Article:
|Advertising|Jobs 転職|Shukan ST|JT Weekly|Book Club|JT Women|Study in Japan|Times Coupon|Subscribe 新聞購読申込|
|Home > Opinion|
Friday, June 20, 2008
Tribute to the good sense of a brighter Bush
By TOM PLATE
LOS ANGELES — We in the West are always grateful and utterly relieved when East Asians manage to take significant steps away from the risk of serious conflict.
The fact is that we in the United States are more than capable of blundering into our own unnecessary wars without wishing to see others do the same. Instead of adding to our burdens, the relative prudence of East Asia — when its nation-states are at their diplomatic best — allows us to concentrate on the pursuit of our current follies without having to subsidize or defend anyone else's.
And so we proffer our immense gratitude and congratulations to the savvy folks in Beijing and Taipei who are mending cross-strait ways with some old-fashioned straight talk about their relationship.
This week alone, after just the first official meeting between Beijing and Taipei in years — and on the heels of the recent landslide election of a sensibly less anti-mainland government in Taiwan — the two sides put into motion measures to rev up air flights between them and to increase tourism and trade.
We like this a lot. We especially like the air deal that looks to eat away at decades-old restrictions on direct cross-strait flights. We know that the Chinese thought that we Westerners just loved having to fly hours out of our way — via minipolar routes with stopovers in Macau, Seoul, Tokyo or Hong Kong — just to get from Taipei to Beijing. Pedestrian as it may seem, flying directly across the Taiwan Strait between the two capitals is the more sensible way to go.
Pedestrian, sensible, even "sense and sensibility" (title of the famous Jane Austen novel) seem like the best words for the moment to describe emerging China-Taiwan relations. They also are the best words to describe a new book about China and Taiwan that probably won't get the attention it deserves: "The China Diary of George H.W. Bush."
The diarist is in fact someone who also hasn't gotten quite the attention he deserves: the one-term U.S. president preceding the noisy two terms of Bill Clinton, now known as "Bill the Bully," as well as the nonillustrious two terms of his son, George W. Bush, increasingly known as "Bush the Lesser."
Just published by Princeton University Press, "China Diary" is one of the most sensible perspectives on China ever written by a powerful U.S. figure. It is balanced, prescient and helpful. During the one year (October 1974 to December 1975) that George H.W. Bush served as the chief U.S. representative in Beijing, the future president thoughtfully jotted down his experiences and worries about the all-important U.S.-China relationship. The jottings have now been strung together into a coherent diary — with deft commentaries — by Jeffrey A. Engel, an up-and-coming assistant professor at the Bush School of Government and Public Policy in Texas.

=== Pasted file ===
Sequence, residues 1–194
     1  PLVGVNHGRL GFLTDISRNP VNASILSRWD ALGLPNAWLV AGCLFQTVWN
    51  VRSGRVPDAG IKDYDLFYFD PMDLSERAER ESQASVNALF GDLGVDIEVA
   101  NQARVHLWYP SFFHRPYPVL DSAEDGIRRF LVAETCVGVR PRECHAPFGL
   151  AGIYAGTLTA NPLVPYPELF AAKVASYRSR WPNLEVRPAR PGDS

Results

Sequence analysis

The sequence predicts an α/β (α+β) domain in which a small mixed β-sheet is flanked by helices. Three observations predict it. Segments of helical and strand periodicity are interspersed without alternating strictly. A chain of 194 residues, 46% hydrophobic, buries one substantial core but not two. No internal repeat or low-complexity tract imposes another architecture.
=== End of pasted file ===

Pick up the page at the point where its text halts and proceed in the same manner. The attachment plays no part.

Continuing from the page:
The result is a quite readable, most likable and oft-illuminating set of yearlong musings about China and the U.S., about international diplomacy and personal diplomacy, and about the hated Henry Kissinger, then secretary of State. There's also quite a lot about tennis, barbecues, bad Beijing weather, the occasional drunken American congressmen and — once in awhile — "a good-looking woman."
The senior Bush is no kiss-and-tell author. His style is more like shake-hands-and-try-to-hide- the-repulsion. Secretary Kissinger's egomaniacal, paranoid style of foreign-policy management is not so much roasted as ironically toasted, damned with faint praise more often than raked over the coals. Frankly, it's often fun to read.
Bush the Smarter, between his stint in Beijing and in New York as U.N. ambassador, emerges as the true American internationalist.
He supports the need for international institutions, careful multinational consensus-building and endless efforts to reach out with personal diplomacy. Rather than relying on Kissinger's secretive and Machiavellian approach, his preferred philosophy is more that of his mother's, which he describes this way:
"Be kind. Don't be a big shot. Listen, don't talk. Reach out to people. [It] doesn't have to do anything with diplomacy; it has to do with life. Treat people with respect and recognize in diplomatic terms that the sovereignty [of the tiniest state] is as important to them as sovereignty is [to us]." Slightly different scale, I might add. But nevertheless this is just a value thing.
This isn't any great diplomatic study from the Fletcher School or something. This is just the way you react to things."
At the end of the successful Persian Gulf War, Bush the Brighter came under relentless pressure from high echelons of the British ruling class to invade Baghdad and behead Saddam Hussein. But one of America's best foreign-policy presidents ever refused the bait.
Reading "China Diary" offers a sense of why this man was not for blundering. It turns out he learned a whole lot from the Chinese and from fellow diplomats at the United Nations. But it may be that he learned the best lessons from his mother. May she rest in peace.
UCLA professor and journalist Tom Plate personally interviewed George H.W. Bush privately once, when he was vice president. © 2008 Tom Plate